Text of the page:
The current economy pays little attention to traditional geographic boundaries, as evidenced by the rapid expansion of American companies doing business overseas. Undoubtedly, there is a wealth of opportunity in the global marketplace for companies of all sizes to increase their revenue by importing and exporting goods. Before expanding into international markets, however, a company must know how U.S. laws and regulations classify those goods

Proper classification is the bedrock principle for importing and exporting merchandise, because it impacts almost all aspects of an international transaction. Classification determines the bottom line regarding the amount of duties, taxes and fees a company will owe when it imports goods into the U.S. Conversely, it also determines whether a company must obtain a license before exporting products.

Because so much depends on an item’s classification, accuracy is critical. In fact, U.S. regulations impose an affirmative duty on the importer of record to use “reasonable care” when classifying its merchandise. A failure to do so may result not only in delay or seizure of the goods at the time of entry into the U.S., but also potentially severe fines and penalties. The government also has the right to audit the import records of any company that brings goods into the U.S.

There are many ways for a company to exercise reasonable care when classifying the goods it imports or exports. Most importantly, a company can self-classify its merchandise by relying on an established procedure for doing so, which may include reviewing prior government rulings, tariff schedules and other publicly available information. The only way to be certain about the accuracy of a classification, however, is through a binding ruling from the agency that regulates the import or export.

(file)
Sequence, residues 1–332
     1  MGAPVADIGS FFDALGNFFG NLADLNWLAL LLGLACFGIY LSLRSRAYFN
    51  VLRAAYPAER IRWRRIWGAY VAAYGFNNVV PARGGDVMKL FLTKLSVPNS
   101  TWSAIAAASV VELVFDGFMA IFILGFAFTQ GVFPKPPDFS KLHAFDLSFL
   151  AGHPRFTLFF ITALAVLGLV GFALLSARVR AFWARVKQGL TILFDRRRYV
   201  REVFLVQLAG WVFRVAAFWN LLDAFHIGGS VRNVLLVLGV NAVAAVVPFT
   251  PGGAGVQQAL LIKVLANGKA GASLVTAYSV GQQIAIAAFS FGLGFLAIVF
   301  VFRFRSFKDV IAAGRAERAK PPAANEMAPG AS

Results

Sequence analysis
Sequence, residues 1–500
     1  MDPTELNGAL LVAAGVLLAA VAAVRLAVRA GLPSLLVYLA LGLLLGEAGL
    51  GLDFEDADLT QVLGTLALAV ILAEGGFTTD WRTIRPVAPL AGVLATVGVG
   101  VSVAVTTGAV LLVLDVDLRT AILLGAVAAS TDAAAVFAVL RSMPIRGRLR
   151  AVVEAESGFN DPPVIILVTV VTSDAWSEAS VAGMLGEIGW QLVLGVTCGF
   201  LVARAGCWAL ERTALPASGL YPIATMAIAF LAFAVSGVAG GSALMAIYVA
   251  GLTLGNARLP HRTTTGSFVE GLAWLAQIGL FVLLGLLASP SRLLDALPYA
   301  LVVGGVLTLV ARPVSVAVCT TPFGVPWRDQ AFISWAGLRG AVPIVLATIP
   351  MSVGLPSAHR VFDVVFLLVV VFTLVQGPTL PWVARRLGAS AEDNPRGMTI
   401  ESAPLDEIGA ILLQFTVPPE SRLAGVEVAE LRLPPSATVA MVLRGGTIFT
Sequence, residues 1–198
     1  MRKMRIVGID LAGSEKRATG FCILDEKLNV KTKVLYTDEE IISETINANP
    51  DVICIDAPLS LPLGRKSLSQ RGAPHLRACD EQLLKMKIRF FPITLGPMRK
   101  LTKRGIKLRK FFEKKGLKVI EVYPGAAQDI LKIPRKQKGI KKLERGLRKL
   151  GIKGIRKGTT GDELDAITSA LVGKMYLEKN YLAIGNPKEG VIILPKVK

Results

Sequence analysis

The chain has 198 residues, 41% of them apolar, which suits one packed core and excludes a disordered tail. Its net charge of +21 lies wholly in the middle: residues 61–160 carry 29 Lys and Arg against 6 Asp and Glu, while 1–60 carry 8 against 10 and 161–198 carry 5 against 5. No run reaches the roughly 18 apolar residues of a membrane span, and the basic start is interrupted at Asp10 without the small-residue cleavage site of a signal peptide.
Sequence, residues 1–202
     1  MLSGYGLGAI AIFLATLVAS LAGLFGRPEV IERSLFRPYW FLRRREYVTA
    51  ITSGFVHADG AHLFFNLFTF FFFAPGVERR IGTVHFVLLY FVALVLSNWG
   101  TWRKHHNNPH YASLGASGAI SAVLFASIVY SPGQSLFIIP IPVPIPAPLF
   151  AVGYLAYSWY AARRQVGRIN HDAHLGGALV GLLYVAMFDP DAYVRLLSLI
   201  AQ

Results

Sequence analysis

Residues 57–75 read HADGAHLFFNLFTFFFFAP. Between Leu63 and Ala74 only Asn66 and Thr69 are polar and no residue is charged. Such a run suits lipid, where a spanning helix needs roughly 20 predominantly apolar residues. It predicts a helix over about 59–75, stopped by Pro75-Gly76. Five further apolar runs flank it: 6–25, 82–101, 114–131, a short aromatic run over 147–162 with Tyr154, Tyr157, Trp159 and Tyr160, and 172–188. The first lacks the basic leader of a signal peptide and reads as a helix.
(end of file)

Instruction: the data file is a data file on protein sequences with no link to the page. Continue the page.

U.S. Customs and Border Protection is the government agency that regulates imports. For exports, the answer is more complicated, and depends on the nature of the goods in question. In most cases, the agency with jurisdiction is the Bureau of Industry and Security (BIS) in the Department of Commerce. “Defense articles,” however, are regulated by the Directorate of Defense Trade Controls (DDTC) in the State Department. Still other exports are regulated by the Treasury Department. Classification determines which of these agencies has control.

A company does not have to go it alone when determining proper classification. It may enlist the help of a third-party professional that is well-versed in import and export controls, such as a customs broker, trade compliance consultant or attorney. Another option is to use specialized software to determine potential classifications. All of these tools, and more, are available to assist companies when doing business overseas. The ultimate legal responsibility for properly classifying merchandise, however, still lies with the company.

In today’s interconnected global marketplace, a company of any size can import and export with relative ease. Prior to pressing the “send” button on the approval of an invoice to China or fulfilling a purchase order from India, companies need to ensure that they have properly classified their products. Proper classification is the key to international trade compliance, as well as to a successful foray into overseas markets.